Research in Coding Theory and Applications


  • Information Theory and Coding Theory: Applications to Storage, Security and Learning.

  • Distributed and Networked Systems.


Complete List; DBLP

Students and Advising

  • Abhishek Agarwal (Ph.D.)

  • William Rurik (Undergraduate Honors Thesis and REU Student)

  • Shashanka Ubaru (M.S. 2014, Ph.D. ongoing)

Active Projects

Reliability in Large-Scale Storage

With the advent of large scale distributed storage systems, cloud computing and commercial data storage applications, there is a renewed interest in the coding and information theory that governs the reliability issues of data. In these large networked databases, faster updates and quick repair requirements have to be integrated with reliable data storage protocols. These requirements bring new dimensions and parameters in the traditional optimization problems of information theory.

In this project we propose, for the first time, a model of large-scale storage that accounts for the topology of storage networks. Previously, storage-topology was never a concern of the code designers. Further, we study the update-efficiency and local-repair (fast recovery) properties of error-correcting codes suitable for storage. For all of these, we will analyze the fundamental limits of systems; as well as propose explicit (fast algorithmic) construction of codes. Several tools from graph and network theory, combinatorics and optimization theory will be used to find performance limits and devise coding algorithms.

Bioinformatics and Related Applications

We have recently started to look at potential application of graph-based codes (LDPC codes), iterative decoding algorithms and Network coding to both predictions of Gene functionality as well as cell fate. Traditionally many of these systems such as Gene regulatory networks are modeled by artificial Neural nets.

Data Compression + Error-Correction

Algorithms for lossy/lossless compression and error-correcting codes have been at the core of the digital revolution. This project focuses on the particular set of applications in which both lossy compression and noise resilience are required. Examples include storage of high resolution imagery on non-perfect semiconductor (flash) memory and real-time video surveillance over jammed or noisy channels.

The state-of-the art solution is “separation”: serial concatenation of an off-the-shelf compression algorithm with an off-the-shelf error-correcting code. However, as shown recently by the investigators, for worst-case guarantees the separated solution is far from being (even asymptotically) optimal. This provides the principal motivation for a multifaceted investigation of the combinatorial, geometric, algebraic and information theoretic aspects of the joint source-channel coding problem.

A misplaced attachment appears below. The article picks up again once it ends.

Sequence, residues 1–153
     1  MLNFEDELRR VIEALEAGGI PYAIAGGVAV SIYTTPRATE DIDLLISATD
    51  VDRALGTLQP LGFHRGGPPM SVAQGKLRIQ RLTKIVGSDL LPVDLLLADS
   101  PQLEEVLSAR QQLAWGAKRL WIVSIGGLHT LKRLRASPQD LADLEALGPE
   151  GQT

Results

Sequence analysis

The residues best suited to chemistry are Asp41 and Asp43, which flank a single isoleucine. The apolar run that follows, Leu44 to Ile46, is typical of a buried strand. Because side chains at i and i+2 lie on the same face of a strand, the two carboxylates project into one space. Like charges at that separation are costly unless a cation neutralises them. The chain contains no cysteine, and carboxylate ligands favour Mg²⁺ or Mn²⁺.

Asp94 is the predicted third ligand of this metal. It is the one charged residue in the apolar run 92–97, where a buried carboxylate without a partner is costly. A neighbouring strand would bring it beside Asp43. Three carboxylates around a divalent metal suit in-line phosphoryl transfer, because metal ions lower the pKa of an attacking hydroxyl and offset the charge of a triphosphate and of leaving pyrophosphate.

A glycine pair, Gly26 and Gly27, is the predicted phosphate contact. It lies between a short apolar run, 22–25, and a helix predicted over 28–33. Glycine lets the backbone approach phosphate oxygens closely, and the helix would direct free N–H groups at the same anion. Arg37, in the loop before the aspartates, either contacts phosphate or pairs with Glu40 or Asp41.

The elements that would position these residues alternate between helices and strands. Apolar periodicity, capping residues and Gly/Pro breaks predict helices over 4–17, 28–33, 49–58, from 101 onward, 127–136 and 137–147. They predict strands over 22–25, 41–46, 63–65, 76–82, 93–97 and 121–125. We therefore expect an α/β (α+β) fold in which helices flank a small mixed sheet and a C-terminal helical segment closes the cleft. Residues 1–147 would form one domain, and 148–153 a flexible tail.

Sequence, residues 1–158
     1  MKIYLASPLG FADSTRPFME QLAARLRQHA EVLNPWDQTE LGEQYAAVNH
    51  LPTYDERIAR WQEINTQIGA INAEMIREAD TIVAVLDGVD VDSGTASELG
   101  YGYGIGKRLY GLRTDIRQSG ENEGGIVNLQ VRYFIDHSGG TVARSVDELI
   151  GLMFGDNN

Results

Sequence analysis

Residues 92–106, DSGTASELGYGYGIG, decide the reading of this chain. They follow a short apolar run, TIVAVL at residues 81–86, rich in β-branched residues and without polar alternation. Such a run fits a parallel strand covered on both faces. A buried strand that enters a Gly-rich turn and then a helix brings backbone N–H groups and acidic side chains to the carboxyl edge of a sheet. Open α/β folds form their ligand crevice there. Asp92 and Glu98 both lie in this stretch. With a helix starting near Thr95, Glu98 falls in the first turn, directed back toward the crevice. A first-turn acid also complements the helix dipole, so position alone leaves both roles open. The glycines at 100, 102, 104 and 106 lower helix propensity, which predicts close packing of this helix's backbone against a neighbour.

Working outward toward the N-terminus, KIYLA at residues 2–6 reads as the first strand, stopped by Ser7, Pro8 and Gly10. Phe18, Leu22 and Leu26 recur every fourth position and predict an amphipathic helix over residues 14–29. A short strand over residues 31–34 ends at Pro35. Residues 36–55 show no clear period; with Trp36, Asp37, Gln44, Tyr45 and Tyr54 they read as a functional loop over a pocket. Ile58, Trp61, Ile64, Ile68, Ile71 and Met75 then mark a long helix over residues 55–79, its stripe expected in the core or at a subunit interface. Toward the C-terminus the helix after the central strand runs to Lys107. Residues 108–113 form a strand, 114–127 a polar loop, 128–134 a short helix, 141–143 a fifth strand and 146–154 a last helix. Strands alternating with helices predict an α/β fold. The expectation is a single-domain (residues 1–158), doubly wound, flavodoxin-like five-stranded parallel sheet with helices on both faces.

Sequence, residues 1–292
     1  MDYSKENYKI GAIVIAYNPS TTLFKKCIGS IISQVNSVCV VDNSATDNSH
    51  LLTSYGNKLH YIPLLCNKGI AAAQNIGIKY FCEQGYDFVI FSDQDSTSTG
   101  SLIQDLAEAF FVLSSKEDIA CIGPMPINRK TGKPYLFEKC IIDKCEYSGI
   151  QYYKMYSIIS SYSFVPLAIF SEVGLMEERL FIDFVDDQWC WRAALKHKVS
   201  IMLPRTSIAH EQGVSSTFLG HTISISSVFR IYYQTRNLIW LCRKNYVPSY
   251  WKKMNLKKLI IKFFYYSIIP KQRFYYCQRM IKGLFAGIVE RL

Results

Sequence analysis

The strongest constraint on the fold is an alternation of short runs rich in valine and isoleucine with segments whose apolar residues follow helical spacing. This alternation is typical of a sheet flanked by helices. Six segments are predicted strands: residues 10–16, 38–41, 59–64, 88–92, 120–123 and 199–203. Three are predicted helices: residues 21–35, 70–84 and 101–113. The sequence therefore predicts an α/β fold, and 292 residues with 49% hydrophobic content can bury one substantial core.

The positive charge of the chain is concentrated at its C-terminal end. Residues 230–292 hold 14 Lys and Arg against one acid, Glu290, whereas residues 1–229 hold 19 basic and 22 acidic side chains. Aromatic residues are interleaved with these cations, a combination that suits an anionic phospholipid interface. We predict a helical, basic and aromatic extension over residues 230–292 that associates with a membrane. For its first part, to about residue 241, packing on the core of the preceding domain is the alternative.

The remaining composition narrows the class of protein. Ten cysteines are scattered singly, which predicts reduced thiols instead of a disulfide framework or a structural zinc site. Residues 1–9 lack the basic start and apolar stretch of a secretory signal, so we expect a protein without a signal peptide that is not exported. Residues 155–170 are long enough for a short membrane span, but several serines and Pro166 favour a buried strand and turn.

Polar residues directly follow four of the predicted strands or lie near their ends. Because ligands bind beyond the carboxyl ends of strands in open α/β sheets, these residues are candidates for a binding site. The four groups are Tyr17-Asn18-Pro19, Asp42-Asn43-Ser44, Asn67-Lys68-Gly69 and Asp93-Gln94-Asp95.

Ranking and Ordinal Data

With the emergence of Big Data platforms in social and life sciences, it is becoming of paramount importance to develop efficient lossless and lossy data compression methods catering to the need of such information systems. Although many near-optimal compression methods exist for classical text, image and video data, they tend to perform poorly on data which naturally appears in fragmented or ordered form. This is especially the case for so called ordinal data, arising in crowd-voting, recommender systems, and genome rearrangement studies. There, information is represented with respect to a “relative,” rather than “absolute” scale, and the particular constraints of the ordering cannot be properly captured via simple dictionary constructions. This project hence seeks to improve the operational performance of a number of data management, cloud computing and communication systems by developing theoretical, algorithmic and software solutions for ordinal data compaction.

The main goal of the project is to develop the first general and comprehensive theoretical framework for ordinal compression. In particular, we propose to investigate new distortion measures for ordinal data and rate-distortion functions for lossy ordinal compression; rank aggregation and learning methods for probabilistic ordinal models, used for ordinal clustering and quantization; smooth compression and compressive computing in the ordinal domain. The proposed analytical framework will also allow for addressing algorithmic challenges arising in the context of compressing complete, partial and weak rankings. The accompanying software solutions may hence find broad applications in areas as diverse as theoretical computer science (sorting, searching and selection), machine learning (clustering and learning to rank), gene prioritization and phylogeny (reconstruction of lists of influential genes and ancestral genomes, respectively).

Machine Learning Applications

Currently we are looking at two different applications:

  • Associative memory and neural networks

  • Structured matrices for sampling